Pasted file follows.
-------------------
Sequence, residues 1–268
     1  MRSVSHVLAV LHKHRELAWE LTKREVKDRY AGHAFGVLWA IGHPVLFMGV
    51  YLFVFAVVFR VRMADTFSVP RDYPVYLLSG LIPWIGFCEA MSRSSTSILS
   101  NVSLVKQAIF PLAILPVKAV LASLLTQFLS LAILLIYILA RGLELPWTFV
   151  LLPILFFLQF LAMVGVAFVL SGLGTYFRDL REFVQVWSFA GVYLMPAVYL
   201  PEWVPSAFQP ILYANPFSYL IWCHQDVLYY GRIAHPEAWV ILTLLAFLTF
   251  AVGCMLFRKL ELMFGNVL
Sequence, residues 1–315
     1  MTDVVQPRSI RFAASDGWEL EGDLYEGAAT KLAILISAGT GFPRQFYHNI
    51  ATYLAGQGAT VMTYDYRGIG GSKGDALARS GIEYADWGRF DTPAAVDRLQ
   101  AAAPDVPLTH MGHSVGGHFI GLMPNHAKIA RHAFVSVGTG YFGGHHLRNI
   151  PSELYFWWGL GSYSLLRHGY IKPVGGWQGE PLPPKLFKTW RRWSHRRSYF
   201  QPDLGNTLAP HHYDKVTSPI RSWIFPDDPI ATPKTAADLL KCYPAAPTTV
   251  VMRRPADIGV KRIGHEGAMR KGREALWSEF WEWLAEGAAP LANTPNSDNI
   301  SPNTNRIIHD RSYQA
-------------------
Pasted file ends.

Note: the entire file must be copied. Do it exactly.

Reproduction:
Sequence, residues 1–268
     1  MRSVSHVLAV LHKHRELAWE LTKREVKDRY AGHAFGVLWA IGHPVLFMGV
    51  YLFVFAVVFR VRMADTFSVP RDYPVYLLSG LIPWIGFCEA MSRSSTSILS
   101  NVSLVKQAIF PLAILPVKAV LASLLTQFLS LAILLIYILA RGLELPWTFV
   151  LLPILFFLQF LAMVGVAFVL SGLGTYFRDL REFVQVWSFA GVYLMPAVYL
   201  PEWVPSAFQP ILYANPFSYL IWCHQDVLYY GRIAHPEAWV ILTLLAFLTF
   251  AVGCMLFRKL ELMFGNVL
Sequence, residues 1–315
     1  MTDVVQPRSI RFAASDGWEL EGDLYEGAAT KLAILISAGT GFPRQFYHNI
    51  ATYLAGQGAT VMTYDYRGIG GSKGDALARS GIEYADWGRF DTPAAVDRLQ
   101  AAAPDVPLTH MGHSVGGHFI GLMPNHAKIA RHAFVSVGTG YFGGHHLRNI
   151  PSELYFWWGL GSYSLLRHGY IKPVGGWQGE PLPPKLFKTW RRWSHRRSYF
   201  QPDLGNTLAP HHYDKVTSPI RSWIFPDDPI ATPKTAADLL KCYPAAPTTV
   251  VMRRPADIGV KRIGHEGAMR KGREALWSEF WEWLAEGAAP LANTPNSDNI
   301  SPNTNRIIHD RSYQA